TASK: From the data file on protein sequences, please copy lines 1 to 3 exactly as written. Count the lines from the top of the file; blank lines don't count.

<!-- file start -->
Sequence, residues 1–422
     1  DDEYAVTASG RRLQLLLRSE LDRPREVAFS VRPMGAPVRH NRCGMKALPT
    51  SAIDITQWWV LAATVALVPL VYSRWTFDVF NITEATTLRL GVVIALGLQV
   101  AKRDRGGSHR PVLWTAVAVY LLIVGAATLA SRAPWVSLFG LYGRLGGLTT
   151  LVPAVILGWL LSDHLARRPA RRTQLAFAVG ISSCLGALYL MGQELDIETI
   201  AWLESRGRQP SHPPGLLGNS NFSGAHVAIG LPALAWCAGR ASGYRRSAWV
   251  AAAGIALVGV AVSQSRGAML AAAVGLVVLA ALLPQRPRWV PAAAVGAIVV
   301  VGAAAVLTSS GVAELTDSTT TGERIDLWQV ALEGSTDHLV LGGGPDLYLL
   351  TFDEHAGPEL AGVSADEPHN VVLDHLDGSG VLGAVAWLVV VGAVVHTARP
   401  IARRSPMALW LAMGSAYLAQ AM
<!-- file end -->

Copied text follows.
Sequence, residues 1–422
     1  DDEYAVTASG RRLQLLLRSE LDRPREVAFS VRPMGAPVRH NRCGMKALPT
    51  SAIDITQWWV LAATVALVPL VYSRWTFDVF NITEATTLRL GVVIALGLQV